With Rolling Updates, you can now ease into all these new features. Instead of piling on 10-20 new tools, we’re introducing them in bite-sized pieces so you can take them in one or two at a time. This allows you to get a real feel for how they work before diving into something new, and has less impact on your workflow.

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What Windows 10 Means for Music Creators

Windows 10 is here, and our trusted code-commanders have been working closely with Microsoft to ensure an enhanced experience for our valued Cakewalk community.  Our benchmark testing has shown the new operating system to be very efficient with a lighter footprint.  In general, Windows 10 has outperformed Windows 8 in all of our tests in terms of performance and efficiency.  Subjectively speaking, the “look and feel” of this free upgrade is a much welcomed improvement over the “Metro” landscape of the previous operating system.  But what does this mean for music creators?

1.)    More responsive: Out of the gate people will notice a much snappier operating system.  The tweaks Microsoft made to the kernel and other parts of the OS in general have given it a responsive overhaul.

2.)    Upgrade ease:  Moving into Windows 10 is a very quick and easy upgrade.

3.)    Unified OS:  The best elements of Win 7, Win 8, and Win 8.1 have been combined into a streamlined experience with Win 10.  Store Apps and Desktop Apps seamlessly run side by side for a smooth universal experience.

4.)    New MIDI API available across all devices:  The new API allows multi-client access to single MIDI hardware and new jitter-free operation.  Microsoft worked hard on bringing this all together for better MIDI implementation.

5.)    Enhancements to the kernel: Microsoft has made changes in the multimedia scheduler and kernel components to minimize spikes – this can make a big difference in low-latency streaming apps like SONAR.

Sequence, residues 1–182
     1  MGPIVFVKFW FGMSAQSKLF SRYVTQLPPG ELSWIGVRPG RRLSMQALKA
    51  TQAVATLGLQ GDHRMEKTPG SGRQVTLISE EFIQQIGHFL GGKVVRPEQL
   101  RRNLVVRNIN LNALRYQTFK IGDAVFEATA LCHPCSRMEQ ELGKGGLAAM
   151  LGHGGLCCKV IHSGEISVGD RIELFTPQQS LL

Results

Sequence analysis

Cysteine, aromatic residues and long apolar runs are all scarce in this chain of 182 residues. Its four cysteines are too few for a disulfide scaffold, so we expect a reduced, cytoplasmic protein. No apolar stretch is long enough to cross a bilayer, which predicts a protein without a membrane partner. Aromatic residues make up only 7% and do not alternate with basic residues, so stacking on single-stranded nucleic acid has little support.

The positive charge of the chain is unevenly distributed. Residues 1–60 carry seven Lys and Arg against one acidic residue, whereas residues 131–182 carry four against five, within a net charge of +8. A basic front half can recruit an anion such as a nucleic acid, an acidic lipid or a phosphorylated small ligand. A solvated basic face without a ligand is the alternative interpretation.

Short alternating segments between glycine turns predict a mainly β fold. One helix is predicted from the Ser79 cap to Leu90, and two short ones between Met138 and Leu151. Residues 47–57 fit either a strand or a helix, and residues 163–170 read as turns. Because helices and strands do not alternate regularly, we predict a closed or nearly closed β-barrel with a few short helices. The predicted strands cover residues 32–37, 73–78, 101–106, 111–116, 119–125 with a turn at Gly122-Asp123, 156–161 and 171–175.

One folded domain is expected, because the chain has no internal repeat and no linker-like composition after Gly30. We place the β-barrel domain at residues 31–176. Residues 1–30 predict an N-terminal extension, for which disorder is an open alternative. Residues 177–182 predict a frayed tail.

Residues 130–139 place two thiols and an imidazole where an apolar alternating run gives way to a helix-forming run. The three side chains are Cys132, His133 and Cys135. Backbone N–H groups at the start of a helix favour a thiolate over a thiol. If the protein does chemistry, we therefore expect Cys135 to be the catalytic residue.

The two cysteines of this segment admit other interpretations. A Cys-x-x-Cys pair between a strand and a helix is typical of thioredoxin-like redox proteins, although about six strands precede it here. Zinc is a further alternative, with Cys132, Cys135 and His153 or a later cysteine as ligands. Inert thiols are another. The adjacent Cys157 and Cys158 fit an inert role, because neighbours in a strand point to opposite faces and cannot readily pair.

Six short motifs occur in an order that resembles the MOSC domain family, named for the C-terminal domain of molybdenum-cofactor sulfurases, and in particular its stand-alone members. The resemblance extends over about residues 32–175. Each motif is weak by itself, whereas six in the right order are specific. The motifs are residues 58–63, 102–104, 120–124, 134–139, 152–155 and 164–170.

6.)    FLAC and ALAC Support:  Windows 10 has native support for these two codecs.  Both “Apple Lossless Audio Codec” and FLAC  could mean great things for Windows audio moving forward.

7.)    Much faster boot-time:  A lower footprint in memory combined with some new optimization techniques will get you up and running and making music faster than ever.

8.)    Runs smoother on older machines:  The lower memory footprint and optimization tweaks will also allow Win 10 to run more efficiently on older machines.  This is great news for Wn 7 users who never upgraded to Win 8.

9.)    Lower Latency:  15ms lower roundtrip latency using WASAPI (shared mode).

10.)  Core isolation: Drivers and applications can now isolate and dedicate low latency audio processing to a single CPU core.  This can minimize the effect of DPC latency spiking from networking, Bluetooth, or other DPC spiking processes by preventing interruptions to audio processing.

At Cakewalk, we are dedicated to staying on the forefront of technology.  Our CTO (featured below) and his team worked closely with Microsoft to make sure our products run smoothly on Windows 10.  We are very excited about this free update, and highly recommend it to our customers. Try SONAR with Windows 10 today for the ultimate music creation experience.

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5 Tools To Get “That Analog Sound” From SONAR

With the advent of digital audio, some feel a certain quality associated with the analog signal path has been lost. While that may have been true at one point, analog emulations have come a long way since first introduced. Let’s find out how to add that “analog sound” using some of SONAR’s plugins. (Note: Many of the following examples use features are exclusive to SONAR Platinum, so if you don’t already have this version, you can try a free demo by clicking here.)

#5 – ProChannel Tape Emulation

Tape Emulator Gif

Tape does some pretty magical things to audio, so SONAR Platinum includes tape emulation as a ProChannel module. Best  of all,  you can use it as much as you like without having to clean the heads!

Here’s how tape emulation enhances the sound:

  • Emulates the “head bump” of analog tape to enrich the low end, adding subtle warmth
  • Smooths response by slightly rolling off lowest lows and highest highs
  • Increases sustain by smoothing peaks
  • Saturates the signal in a non-linear, analog manner
  • Optionally introduces high-frequency hiss

For a basic application, insert the Tape Emulator in the Master Bus ProChannel. You’ll immediately hear a more cohesive mix. Increasing the REC LEVEL increases the overall saturation. The REC LEVEL knob, TAPE SPD switch, and BIAS switch all interact in unique ways, so try out different combinations to hear how they affect each other.

After hearing how the Tape Emulator affects your sound, try applying it to individual tracks (your drums will sound particularly fabulous). This will be a more subtle effect, adding a sense of depth to the overall mix.